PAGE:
By: Jordan Tate
As an infant loss mother who has lost two littles ones far too soon, I’ve learned a whole lot about the process of grief and the way this process relates specifically to those parents who have lost a child. It is an incredibly difficult road to walk, but I have found that having others walk alongside of us can be more helpful than anything else.
That being said, there is a reason that parents who have lost children tend to look for other parents who have also lost children as a means of support and encouragement. The reason is that there are some popular habits of well-meaning individuals that can actually trigger great pain for a grieving parents and, because of this, many end up choosing to retreat to a community of people (even across the internet) who they know will be a “safer” option to process with.
I fully believe that knowledge is power in these situations, and I have seen first hand the encouragement and comfort that can come from a group of people who are determined to be courageous in walking this road together, whether they have experienced child loss or not! I wanted to take some time to talk about some of the most popular mistakes individuals can make in trying to comfort a grieving parent and instead offer alternatives that could be much more healing. It is my hope that nobody reading this would ever have to put these four tips into practice, but I know that if the time ever came this advice would be useful.
Tip #1: When in doubt, ask questions.
It is a natural instinct for individuals in our culture to meet traumatic events with logical conclusions. We are a society of problem solvers. I can’t count the number of times people have started infant loss conversations with me by saying, “Everything happens for a reason.” It is immensely difficult to process, as a grieving parent, that your child must have died for a reason. Regardless of your religious beliefs or lack thereof, this is a comment that many grieving parents talk about as being very difficult to swallow. There is no question that anyone who says this is well-meaning. You’d be hard pressed to find an individual who would maliciously speak to a grieving parent about their loss in hopes of causing further pain. My advice, though, is to ask questions rather than offer conclusions or comments about the loss of life. Try opening the conversation by asking, “How are you feeling today?” or “Is there anything I can do to help?” This will put the ball into the court of the parent and allow them to share (or not share) what’s going on inside and any specific needs they might have.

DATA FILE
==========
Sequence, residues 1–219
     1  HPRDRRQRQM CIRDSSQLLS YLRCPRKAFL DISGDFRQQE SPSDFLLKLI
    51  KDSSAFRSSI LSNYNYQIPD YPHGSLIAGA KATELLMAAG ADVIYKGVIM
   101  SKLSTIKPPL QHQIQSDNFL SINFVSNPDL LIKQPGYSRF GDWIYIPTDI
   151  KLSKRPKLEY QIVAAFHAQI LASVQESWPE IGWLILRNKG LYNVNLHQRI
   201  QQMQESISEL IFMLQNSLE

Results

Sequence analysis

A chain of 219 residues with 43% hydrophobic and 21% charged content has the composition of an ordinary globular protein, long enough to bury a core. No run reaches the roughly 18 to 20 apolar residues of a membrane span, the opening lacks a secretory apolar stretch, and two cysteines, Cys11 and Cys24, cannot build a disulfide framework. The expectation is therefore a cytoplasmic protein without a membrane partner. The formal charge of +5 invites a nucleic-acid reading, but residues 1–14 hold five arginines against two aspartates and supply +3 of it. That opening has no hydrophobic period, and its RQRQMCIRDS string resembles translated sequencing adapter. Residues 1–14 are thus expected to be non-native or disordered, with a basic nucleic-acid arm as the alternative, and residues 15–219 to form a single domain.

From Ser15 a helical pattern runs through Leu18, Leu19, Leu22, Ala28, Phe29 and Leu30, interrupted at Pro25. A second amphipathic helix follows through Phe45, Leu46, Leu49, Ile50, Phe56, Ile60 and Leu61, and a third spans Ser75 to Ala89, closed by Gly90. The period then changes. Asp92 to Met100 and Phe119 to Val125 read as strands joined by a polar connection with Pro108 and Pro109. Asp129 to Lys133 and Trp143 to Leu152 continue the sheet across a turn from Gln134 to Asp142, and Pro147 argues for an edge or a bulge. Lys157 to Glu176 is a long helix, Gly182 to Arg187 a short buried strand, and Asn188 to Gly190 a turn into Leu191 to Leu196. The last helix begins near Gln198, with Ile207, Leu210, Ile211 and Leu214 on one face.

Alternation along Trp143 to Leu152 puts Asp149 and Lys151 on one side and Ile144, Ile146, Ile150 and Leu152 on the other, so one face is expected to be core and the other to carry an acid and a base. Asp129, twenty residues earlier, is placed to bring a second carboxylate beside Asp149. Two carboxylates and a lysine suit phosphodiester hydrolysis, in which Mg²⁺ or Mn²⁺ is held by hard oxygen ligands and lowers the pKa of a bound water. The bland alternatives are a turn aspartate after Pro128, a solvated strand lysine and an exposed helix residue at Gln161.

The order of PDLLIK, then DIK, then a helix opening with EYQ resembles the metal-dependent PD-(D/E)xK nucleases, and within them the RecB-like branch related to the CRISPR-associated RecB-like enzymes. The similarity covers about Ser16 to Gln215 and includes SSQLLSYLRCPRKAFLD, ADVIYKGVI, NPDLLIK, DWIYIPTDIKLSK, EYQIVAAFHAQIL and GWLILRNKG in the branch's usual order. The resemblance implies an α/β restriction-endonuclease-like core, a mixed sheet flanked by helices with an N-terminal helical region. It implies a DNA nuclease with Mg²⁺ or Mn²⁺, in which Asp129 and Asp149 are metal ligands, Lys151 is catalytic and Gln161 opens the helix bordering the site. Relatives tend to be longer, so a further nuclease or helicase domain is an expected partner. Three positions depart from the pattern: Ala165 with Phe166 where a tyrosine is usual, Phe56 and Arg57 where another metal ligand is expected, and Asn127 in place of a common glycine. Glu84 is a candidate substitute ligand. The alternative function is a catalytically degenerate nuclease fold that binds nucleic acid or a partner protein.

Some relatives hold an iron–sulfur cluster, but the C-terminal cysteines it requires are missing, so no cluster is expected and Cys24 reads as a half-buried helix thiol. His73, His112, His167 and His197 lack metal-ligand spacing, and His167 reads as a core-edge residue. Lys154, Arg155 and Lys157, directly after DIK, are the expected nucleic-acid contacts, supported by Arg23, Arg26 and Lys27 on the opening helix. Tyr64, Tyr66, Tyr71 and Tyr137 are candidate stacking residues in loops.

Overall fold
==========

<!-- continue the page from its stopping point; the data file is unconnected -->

Tip #2: Don’t make assumptions about practical ways to help.
This is similar to the advice above, but relates more to the “do something” friends who feel like they are helping most when they are actively serving their grieving friends. These friends are the friends that make the world go round. They are absolutely necessary and they have hearts of gold. If you want to do something to help ease the pain, ask your friend the best way to go about doing that. When we lost our first daughter, our friends started a meal campaign for us where people signed up to bring us food almost every night for a few weeks. The gesture itself was so heartwarming, but I started to realize that I had a hard time getting the meals down, knowing they were brought to me because my child died. On a second note, not everyone feels this way, but cooking is very therapeutic for both me and my husband. I missed working with my hands and I missed how my mind could take a break from the reality of grief as I would delve into a new recipe or experiment with ingredients in the kitchen. When we lost our second child we actually requested that people not bring us meals. We had a few meals show up, but only for the first week or so, and from people who didn’t know we felt this way. Again, the gesture was comforting, but in the end we decided to be vocal and admit that we would rather cook together than be brought a ready made meal. What’s great, though, is that there are so many out there who might love this gesture and everything about it. That’s why my best advice is to ask!